For several years I’ve been frustrated trying to identify which action items are needed and which ones are working based on a single site conversion metric. Diving into the issue, one begins to realize the real problem: overall conversion rates are not good for much except website developer bragging rights. And they don’t even do a good job of that, because providers are free to define conversion any way they want to. The point of collecting performance metrics is to know what actions you need to take to improve the situation. There are four things one needs to control for when trying to identify the right action needed to drive more leads to the store:
- The denominator needs to be known, defined consistently, and measured consistently in all cases.
- What type of shopper objective the lead was based on (i.e. vehicle sales, finance, service, or parts)
- What kind of device the shopper used (i.e. desktop, tablet, or mobile)
- What type of lead the shopper sent (i.e. phone, online form, chat)
Most experts seem to agree, use unique visitors as the denominator. The source to get it from is Google Analytics. Google Analytics is the gold standard for data in automotive retail. It’s what the 20 group providers use for their internet composites and the source of virtually all meaningful benchmarks. Benchmarks and best practices need to be based on a robust sample size, and Google Analytics is far and away the most common measuring instrument. An added bonus is trust between the dealer and the website provider. Google’s metrics have a set definitions and the measurement method is both consistent and independent.
The manager or analyst needs to know the shopper objective, because there may be some types of inquiries the store has capacity for and some it does not. Capacity challenges can relate to handling of the leads or providing the service. The cost of increasing traffic is not the same across all shopper objectives, and neither is the benefit. The action items to improve conversions are completely different for fixed ops, finance, or sales. A breakdown of conversion by shopper objective is essential.
If the conversion ratio is low or declining, it’s important to know where the site has the greatest room for improvement. More than ever, that segmentation is based on the type of device the shopper is using. When new traffic is driven to the sight from mobile users, it’s important to be able to isolate the impact on the conversion ratios for mobile users exclusively. This can be one of the big challenges with a Responsive Web Design, a challenge that does not exist with an Adaptive Web Design. Although generally not done, it is possible to split out the conversion rate by the consumers’ shopping devices. Of course, you cannot evaluate and improve the various website responses as effectively without this individualized conversion data.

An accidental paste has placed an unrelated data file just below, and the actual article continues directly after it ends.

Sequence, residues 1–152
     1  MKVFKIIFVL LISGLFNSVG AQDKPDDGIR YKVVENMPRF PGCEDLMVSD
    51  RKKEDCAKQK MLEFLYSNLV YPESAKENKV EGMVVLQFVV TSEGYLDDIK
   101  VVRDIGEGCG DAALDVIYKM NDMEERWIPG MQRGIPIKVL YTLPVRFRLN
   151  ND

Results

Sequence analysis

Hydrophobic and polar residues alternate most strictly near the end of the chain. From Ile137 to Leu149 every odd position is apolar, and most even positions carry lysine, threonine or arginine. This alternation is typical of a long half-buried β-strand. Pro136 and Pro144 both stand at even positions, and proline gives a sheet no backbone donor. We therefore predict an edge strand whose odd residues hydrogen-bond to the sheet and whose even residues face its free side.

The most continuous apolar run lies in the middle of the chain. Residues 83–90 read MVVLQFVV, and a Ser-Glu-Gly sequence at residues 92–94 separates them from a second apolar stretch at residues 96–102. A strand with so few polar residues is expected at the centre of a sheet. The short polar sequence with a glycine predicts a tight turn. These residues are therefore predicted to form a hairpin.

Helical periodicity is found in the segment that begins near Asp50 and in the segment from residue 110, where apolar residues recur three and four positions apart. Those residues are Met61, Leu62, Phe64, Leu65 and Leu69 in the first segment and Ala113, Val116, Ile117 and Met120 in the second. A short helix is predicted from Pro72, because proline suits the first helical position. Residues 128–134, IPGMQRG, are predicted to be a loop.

If a store sets appointments at twice the rate for phone and chat leads vs. form leads, then it makes since to increase conversion of phone and chat leads, even if there is some cannibalization of form leads in the process. But you can’t know any of that is happening if you don’t have the metrics broken out. If you look at five actions to improve conversion, they will probably improve conversion across the three lead types in the different proportion.
When I joined Dealer eProcess I had no idea they were rolling out a complete solution to the problem I was just beginning to understand. The new Lead Conversion report shows all 36 conversion metrics as well as the raw number of leads. That raw number is especially important when capacity issues come into play. The 36 for conversion metrics come from 3 devices X 3 lead forms X 4 customer shopping objectives = 36.
Not only is this approach more diagnostic, it’s more accurate. As I wrote in my first book, Sales Integration, the customer transitions from the online touch-points to the store in one of four ways: phone, email, chat, or walking in. None of us can accurately measure walk-in traffic very well, but we can darn sure know the other three. These three variables do not always go up or down in proportion to one another, so if you only have one or two of the three, it’s a real stretch to think you can estimate the true conversion rate with this limited data. We are already missing a big source of traffic from the site, walk-ins. There is no room to leave out any of the other three and still pretend the amount of data is sufficient to truly understand what is going on.
The risk is deciding to do or not do something based on inaccurate data. From a research standpoint, conversion is a fantastic dependent variable with which to measure the impact of site changes. It’s the right metric to use. This is what Google and virtually every other search engine provider preaches. Clearly, any and every conversion metric must be as accurate as possible.
Every dealer deserves transparency in their data, but they also deserve accuracy and completeness. Without that, you can’t very well help yourself. And no trainer, consultant, ad agency, or vendor can make up for that lack of core data from the website. The transparency, accuracy, and completeness must come from the website provider. The website is not only the hub of your digital marketing effort; it is the hub of your analytical ability and continued improvement.